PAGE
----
If you have been in an automobile accident, and you realized that your car’s airbag did not deploy at the time of the collision, then you might think that you should contact an injury lawyer in Burlington. You might believe that you have grounds for bringing a lawsuit against the company that manufactured the apparently defective piece of safety equipment. Yet, can you provide proof of the bag’s inability to function properly?
Do you really know how airbags have been assembled and how each of them is meant to respond to a given impact? Do you think that every type of accident should trigger an airbag’s deployment? If that is what you believe, then you need to learn more about each airbag’s features.

The components that allow the airbag to work properly

Each deflated bag that might one day function as a vital piece of safety equipment contains a control module. The ACM (Airbag Control Module) triggers the bag’s inflation. Yet it has less than 100 milliseconds in which to determine whether or not a given bag should be inflated. Not every accident has that small 100 millisecond window.
The circumstances that relate to some collisions prevent the appearance of that 100 millisecond time frame. In the absence of that time frame, the expected deployment does not take place. In other words, the non-deployment should not be viewed as a sign of the bag’s defective nature. Instead, it reflects the speed at which the damaged vehicle collided with another vehicle, or with an unmovable object.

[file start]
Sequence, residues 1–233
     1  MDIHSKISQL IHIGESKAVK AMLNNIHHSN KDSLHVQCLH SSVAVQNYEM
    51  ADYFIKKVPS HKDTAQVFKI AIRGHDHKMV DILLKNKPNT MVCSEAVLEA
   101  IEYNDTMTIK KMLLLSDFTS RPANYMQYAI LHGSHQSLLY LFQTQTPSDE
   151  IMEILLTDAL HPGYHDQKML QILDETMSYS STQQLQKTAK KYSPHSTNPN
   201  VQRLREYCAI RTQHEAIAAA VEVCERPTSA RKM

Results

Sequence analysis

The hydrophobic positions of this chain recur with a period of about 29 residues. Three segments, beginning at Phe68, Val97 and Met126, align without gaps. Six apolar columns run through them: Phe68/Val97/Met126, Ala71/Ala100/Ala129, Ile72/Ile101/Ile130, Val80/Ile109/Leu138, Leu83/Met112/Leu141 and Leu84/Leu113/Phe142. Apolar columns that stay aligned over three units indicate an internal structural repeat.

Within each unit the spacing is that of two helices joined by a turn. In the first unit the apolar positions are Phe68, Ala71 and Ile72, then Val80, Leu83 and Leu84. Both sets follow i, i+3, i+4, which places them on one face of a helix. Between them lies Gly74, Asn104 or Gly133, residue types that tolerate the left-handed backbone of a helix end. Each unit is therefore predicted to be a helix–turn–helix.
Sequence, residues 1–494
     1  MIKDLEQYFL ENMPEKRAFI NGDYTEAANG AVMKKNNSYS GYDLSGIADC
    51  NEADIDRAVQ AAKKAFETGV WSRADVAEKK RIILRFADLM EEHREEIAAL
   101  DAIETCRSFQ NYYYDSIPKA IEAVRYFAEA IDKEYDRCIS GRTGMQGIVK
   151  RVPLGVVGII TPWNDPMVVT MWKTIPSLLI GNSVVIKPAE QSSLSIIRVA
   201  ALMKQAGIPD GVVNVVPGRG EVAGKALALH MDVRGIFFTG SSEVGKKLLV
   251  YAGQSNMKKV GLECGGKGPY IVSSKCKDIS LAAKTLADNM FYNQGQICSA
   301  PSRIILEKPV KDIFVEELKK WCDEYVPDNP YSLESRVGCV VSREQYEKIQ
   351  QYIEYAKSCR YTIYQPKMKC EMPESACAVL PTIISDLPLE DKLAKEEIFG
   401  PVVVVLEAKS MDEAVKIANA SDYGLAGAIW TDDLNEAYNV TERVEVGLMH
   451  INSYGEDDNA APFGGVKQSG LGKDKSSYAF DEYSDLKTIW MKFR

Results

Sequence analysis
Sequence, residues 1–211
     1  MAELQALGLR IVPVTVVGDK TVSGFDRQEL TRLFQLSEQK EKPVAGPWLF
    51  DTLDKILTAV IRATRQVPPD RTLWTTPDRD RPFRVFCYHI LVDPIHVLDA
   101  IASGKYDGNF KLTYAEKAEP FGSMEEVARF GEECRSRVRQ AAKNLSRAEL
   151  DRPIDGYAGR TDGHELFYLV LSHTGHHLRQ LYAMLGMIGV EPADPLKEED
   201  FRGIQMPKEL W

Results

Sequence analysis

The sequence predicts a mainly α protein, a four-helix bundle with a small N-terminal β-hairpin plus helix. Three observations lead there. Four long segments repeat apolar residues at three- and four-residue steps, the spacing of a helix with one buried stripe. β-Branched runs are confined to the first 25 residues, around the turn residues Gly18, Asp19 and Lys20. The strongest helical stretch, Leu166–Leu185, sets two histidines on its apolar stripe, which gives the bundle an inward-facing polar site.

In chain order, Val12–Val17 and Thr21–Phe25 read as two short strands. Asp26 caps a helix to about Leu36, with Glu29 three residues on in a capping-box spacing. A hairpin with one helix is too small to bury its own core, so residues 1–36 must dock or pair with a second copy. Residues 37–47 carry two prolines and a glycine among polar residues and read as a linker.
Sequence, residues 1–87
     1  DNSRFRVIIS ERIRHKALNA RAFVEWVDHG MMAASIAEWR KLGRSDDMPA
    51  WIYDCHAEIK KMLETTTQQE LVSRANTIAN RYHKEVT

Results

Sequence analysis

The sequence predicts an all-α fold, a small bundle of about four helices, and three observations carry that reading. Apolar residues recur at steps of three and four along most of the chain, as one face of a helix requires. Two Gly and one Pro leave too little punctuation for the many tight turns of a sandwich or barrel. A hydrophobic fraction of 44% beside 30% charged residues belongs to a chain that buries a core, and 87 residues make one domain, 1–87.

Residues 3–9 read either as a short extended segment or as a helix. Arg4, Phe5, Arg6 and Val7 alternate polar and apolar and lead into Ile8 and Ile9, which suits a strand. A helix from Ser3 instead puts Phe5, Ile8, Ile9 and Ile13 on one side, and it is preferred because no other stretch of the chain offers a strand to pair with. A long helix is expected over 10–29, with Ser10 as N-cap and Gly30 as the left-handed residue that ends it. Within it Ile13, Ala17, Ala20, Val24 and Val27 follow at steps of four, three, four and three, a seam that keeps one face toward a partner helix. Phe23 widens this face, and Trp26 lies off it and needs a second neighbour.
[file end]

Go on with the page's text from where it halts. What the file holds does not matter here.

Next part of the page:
If a slow moving automobile collides with another vehicle neither of the vehicles will slow to a great extent. As a result, the ACM will not detect a noticeable deceleration. In the absence of a more rapid rate of deceleration, the ACM finds no reason to trigger the bag’s deployment. That is one example of a time when non-deployment does not signal the presence of a defect.
By the same token, if an automobile hits a pole or a tree, there will be lots of metal-crushing, but not a great deal of deceleration. Consequently, that situation ought to be classed with the others that have failed to trigger a bag’s deployment. The unhappy owner of the crushed vehicle would not have a reason for bringing a lawsuit against the manufacturer of the car’s airbags.

The bag’s location indicates its function

As would be expected, a side airbag should deploy whenever it has noted the force of a side impact. Still, the force of such an impact exceeds measurably the force on the side of a car that has rolled over. Hence, the airbags in a car’s sides should not be expected to deploy at the time of a rollover. Consequently, it would not make much sense to investigate further the events associated with the rollover, unless that same investigation has been requested by the at-fault driver.